The book isn’t well written. It gets the job done but the first third is particularly poor at drawing the reader in. I figured out why. The writer, Michael Avallone, uses the odd prose style of reporting everything long after the event and in mostly passive voice. Take this section as an example, the very first lines of Fallen Angel:
The last letter from his wife, Dorothea, was one that Philip St. George was to carry with him for the rest of his life. It was only a fairly short summons, a romantic plea from a lonely wife eager to see her husband again.
As things turned out, the poignant love cry buried somewhere in the racing feminine script was to sound over and over again, like Ravel’s Bolero, in the soul of the man who was not with her when disaster and terror and horror struck.
There is little a man can do when something is taken away from him. When he does realise, finally, far too late, just how much that something means to him.
That’s not very engaging is it? It’s not even a scene. Surely it would’ve made more sense to locate the reader into a scene as Philip reads the letter? “Philip dropped the telephone receiver and sat heavily in his smoking chair. He fumbled at the whiskey decanter on the table. ‘It’s your wife, she’s been murdered’. The sergeant’s words echoed in his ears and he was only now aware the policeman was still speaking, through the dropped receiver.”
Everything about this story is overblown titillation. Here’s the beginning of the murder scene, the chapter helpfully titled “Overture To Slaughter” just in case you weren’t sure of it’s principal theme.
She had lost the precious ability to scream.
To run, to hide, to vocally escape from the nightmare madness of it all. If she hadn’t been so terrified, so paralysed with fright, she might have been able to fight back. To at least halt the horror, block out the ugly reality.
But it was too late, now.
The hideous scene had engulfed her.
For all time.
They were holding her down, trapping her, doing obscene, awful things to her.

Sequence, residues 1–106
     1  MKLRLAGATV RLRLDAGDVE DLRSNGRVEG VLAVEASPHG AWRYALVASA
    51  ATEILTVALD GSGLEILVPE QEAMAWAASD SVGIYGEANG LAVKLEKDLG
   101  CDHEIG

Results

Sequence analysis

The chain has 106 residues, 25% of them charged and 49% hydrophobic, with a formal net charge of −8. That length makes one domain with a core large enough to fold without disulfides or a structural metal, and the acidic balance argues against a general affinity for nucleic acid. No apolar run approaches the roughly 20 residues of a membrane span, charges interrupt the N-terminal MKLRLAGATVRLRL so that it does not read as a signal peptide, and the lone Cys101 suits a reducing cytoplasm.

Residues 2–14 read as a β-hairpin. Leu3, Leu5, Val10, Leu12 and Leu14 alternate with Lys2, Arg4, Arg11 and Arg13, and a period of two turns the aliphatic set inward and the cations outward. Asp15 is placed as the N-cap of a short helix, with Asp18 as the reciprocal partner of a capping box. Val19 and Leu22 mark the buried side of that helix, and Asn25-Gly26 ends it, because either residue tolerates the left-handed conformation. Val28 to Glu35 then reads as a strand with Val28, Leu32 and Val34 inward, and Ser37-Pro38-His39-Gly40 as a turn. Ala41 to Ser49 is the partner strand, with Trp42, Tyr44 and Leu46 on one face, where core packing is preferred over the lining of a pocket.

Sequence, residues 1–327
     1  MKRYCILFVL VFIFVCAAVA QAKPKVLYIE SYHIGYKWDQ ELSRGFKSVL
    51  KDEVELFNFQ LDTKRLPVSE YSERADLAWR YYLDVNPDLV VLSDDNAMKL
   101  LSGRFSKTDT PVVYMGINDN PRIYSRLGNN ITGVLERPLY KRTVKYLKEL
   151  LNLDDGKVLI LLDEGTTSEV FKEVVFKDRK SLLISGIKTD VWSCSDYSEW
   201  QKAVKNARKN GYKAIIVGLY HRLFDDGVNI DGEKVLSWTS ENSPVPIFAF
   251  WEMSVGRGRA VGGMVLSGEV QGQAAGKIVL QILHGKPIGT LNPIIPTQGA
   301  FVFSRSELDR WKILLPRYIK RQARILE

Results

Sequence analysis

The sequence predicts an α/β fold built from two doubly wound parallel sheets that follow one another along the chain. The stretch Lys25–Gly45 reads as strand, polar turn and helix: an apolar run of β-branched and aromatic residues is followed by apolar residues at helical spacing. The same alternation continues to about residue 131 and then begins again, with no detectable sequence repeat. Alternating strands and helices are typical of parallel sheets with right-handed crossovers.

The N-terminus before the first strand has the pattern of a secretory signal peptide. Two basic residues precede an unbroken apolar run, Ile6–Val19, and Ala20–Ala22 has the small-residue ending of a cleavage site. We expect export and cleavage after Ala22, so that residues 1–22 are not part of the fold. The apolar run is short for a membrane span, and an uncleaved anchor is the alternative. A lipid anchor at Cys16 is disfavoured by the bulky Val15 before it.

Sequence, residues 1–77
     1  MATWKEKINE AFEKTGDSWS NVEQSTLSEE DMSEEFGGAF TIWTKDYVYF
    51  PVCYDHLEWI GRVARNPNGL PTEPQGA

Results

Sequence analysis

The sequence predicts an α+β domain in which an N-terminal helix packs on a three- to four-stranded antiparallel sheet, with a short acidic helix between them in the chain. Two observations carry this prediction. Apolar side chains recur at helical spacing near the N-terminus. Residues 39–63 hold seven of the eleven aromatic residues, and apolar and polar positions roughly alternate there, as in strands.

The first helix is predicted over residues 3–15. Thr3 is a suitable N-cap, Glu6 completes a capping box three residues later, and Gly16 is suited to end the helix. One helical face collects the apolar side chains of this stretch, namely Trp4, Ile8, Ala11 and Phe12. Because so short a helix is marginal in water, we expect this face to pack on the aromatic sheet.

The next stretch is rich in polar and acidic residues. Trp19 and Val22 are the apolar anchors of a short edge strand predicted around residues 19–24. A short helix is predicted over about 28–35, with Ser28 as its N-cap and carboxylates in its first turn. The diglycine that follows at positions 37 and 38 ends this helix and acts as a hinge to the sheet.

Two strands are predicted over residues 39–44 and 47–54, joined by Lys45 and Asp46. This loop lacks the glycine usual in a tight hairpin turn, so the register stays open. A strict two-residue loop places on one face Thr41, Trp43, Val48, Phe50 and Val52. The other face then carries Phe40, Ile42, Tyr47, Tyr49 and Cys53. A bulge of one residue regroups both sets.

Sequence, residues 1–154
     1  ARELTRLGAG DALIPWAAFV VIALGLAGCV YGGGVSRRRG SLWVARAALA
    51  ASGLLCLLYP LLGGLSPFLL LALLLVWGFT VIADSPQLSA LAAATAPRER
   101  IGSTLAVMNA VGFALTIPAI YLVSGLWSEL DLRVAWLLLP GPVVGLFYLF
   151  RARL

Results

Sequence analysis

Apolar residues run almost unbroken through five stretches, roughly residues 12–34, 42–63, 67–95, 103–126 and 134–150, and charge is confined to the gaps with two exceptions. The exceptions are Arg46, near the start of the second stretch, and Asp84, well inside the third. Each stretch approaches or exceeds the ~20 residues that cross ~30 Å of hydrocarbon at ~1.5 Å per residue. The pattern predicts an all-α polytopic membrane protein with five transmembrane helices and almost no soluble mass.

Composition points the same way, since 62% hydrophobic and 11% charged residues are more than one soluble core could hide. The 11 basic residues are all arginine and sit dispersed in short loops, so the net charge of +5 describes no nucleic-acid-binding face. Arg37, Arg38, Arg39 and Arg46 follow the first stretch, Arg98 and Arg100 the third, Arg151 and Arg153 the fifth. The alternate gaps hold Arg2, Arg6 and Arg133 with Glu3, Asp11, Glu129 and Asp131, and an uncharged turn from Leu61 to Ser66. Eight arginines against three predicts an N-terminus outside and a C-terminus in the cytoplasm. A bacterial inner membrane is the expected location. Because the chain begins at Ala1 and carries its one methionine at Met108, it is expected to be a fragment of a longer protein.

Tall, monstrous, distorted shadows surrounded her, blotting out the light, the hope, the clear path toward sanity and reason.
She was overwhelmed, pinned everlasting in a scene from Hell. A poor player impaled between fantasy and commonplace normality
That’s a bit over-egged I think. It’s also extremely vague as this is how the chapter opens. We don’t yet know who she is, where she is, what’s going on. Its all abstract and nonsensical. Fortunately the book does pick up eventually and the latter half is written in the present tense and involves people saying and doing things in real time. Sadly, there’s no drama or reversal. Philip decides to hunt them down and does exactly that. He’s never in any kind of scrape, needs no ingenuity, and frankly doesn’t even expose himself to risk. I know that beating up a few spaghetti-armed progressives isn’t very challenging (as we see every day on Twitter nowadays) but they should at least put up a bit of a fight to keep the reader entertained.
The one part where the book surprised me was the ending. Having kidnapped all four hippes and tied them up he decides not to kill them. His cold hatred has burned out, he fears what he’ll become, so he instead calls the police. That’s actually an interesting way to do it. In a book that promises gore, violence and murder the only actual violence committed in the entire novel is (i) the initial murder and (ii) the hippy leader beating up his girlfriend with his fists. It’s amazing how little carnage is here after that early chapter quoted above.
Anyway, it’s shite and I don’t recommend it. I suppose the fact Michael Avallone wrote 223 books (officially, he claimed a total of 1,000 including those written under pseudonyms) means you can’t expect him to spend much time on each.
What I do recommend is my own series of books available here to readers in the USA and available here to everyone else.
 No idea which, as they are so samey as to have blurred into one that I can’t see which saw I saw and which scene I seen from a saw I didn’t see.
 Except for killing globalist traitors. I’d still very much like to see them tortured to death.
 I know, it’s hard to believe that increased sensitivity to other people’s misfortunes may result from excessively active mirror neurons rather than simply “increased faggotry”.
 I always assume I’m right even when I’m not.
 I stress again that, “because you’re more of a faggot now” is an unscientific retort and you should know better than to think it.
 Unless you’re a spammer and thus not training calibration at all, or one of those “circling the drain” black sheep YouTube players who very specifically tries to prevent ever developing empathy.
 Basically, he’s me but in the 1970s.
 Nothing has changed.
October 8, 2018 at 6:32 pm
Are you planning on writing fiction or you sticking to autobiographical work? [When I’ve written volume 5, I’ll have no stories left to write about. I’m more interested in fiction now, anyway. K.]